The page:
Adoption Adventure Part 2

Motivated by a desire to find out my medical and ancestral background, I set out to connect with my birth mother a few weeks ago. In the short span of time between now and then, I did indeed find out all that I needed to know. But I also was introduced to probably the coolest birth mother alive! She emailed me when she received my contact information in the mail that day, and she said she did open the envelope while standing at the mailbox, just the way I imagined it. She then spent an emotional day with her sisters before penning a long email to me. The subject line of the email was “40 years ago;” I read the name and subject line on my blackberry while our family was on the way home from my son’s afternoon piano recital. (I had yet to receive her contact info at this point.) I’m sure I paled when I turned to my husband and said, “I got an email.” I read the email alone in our bedroom (while drinking a dirty martini my husband made for me!) when we got back home, and I think it must have been the most emotional email I’ve ever read or will ever read again.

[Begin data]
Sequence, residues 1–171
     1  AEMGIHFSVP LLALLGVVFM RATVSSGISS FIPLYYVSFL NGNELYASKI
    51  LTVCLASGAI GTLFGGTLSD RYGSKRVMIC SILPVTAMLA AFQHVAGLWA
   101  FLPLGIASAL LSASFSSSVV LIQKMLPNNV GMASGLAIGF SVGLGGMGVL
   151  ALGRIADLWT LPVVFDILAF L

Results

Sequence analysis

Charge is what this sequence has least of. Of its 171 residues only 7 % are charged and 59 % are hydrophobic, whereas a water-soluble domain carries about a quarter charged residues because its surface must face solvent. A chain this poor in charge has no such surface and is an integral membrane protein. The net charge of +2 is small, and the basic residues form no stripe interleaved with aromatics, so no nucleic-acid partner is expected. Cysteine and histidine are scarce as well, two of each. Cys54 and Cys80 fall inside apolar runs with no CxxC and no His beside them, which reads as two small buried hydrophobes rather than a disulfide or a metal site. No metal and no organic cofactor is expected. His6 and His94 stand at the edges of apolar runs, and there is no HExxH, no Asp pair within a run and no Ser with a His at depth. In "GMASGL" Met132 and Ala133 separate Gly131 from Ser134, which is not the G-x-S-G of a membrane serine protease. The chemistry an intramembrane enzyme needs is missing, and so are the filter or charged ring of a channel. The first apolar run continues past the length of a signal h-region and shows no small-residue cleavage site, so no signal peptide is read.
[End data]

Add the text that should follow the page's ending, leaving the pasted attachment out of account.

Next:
I cried from joy and shock, mostly, at the revealing of such dramatic information, but also from the sadness she must have felt in giving me up. She and my birth father were briefly married, and young, when she gave birth to me. They were having problems, stemming from his issues as a Vietnam vet, and he wasn’t ready for a child (in fact, he wanted to return to Vietnam as a mercenary and was purchasing combat gear instead of baby clothes). Her family convinced her to put me up for adoption, and my birth mother and father divorced soon after that. She said it was very hard for her to give me up, and to make it easier for her in the hospital, they only let her see me once and then took me away for good. Soon after, she joined the Navy and traveled the world, eventually marrying again and having one child, my half-brother. She is now retired from the post office and living in Bloomington, IN, where she gave birth to me, living near her sisters and her mother.

She is tall–at her grandest, she was 6 feet tall, but is now 5’10”. She said her family has always been tall. Of course the first thing I did after reading the email was  Goggle her…and she is on Facebook. So I poured over her photos for a long while, just soaking it all in. I must say that she is very beautiful, with blondish red hair, fair skin, long legs and a big smile. She had posted some photos of herself in her Navy uniform, back in the day, and wow, those Navy men must have mooned all over her! My sister says we have the same facial shape and smile; even my kids said that I look like her.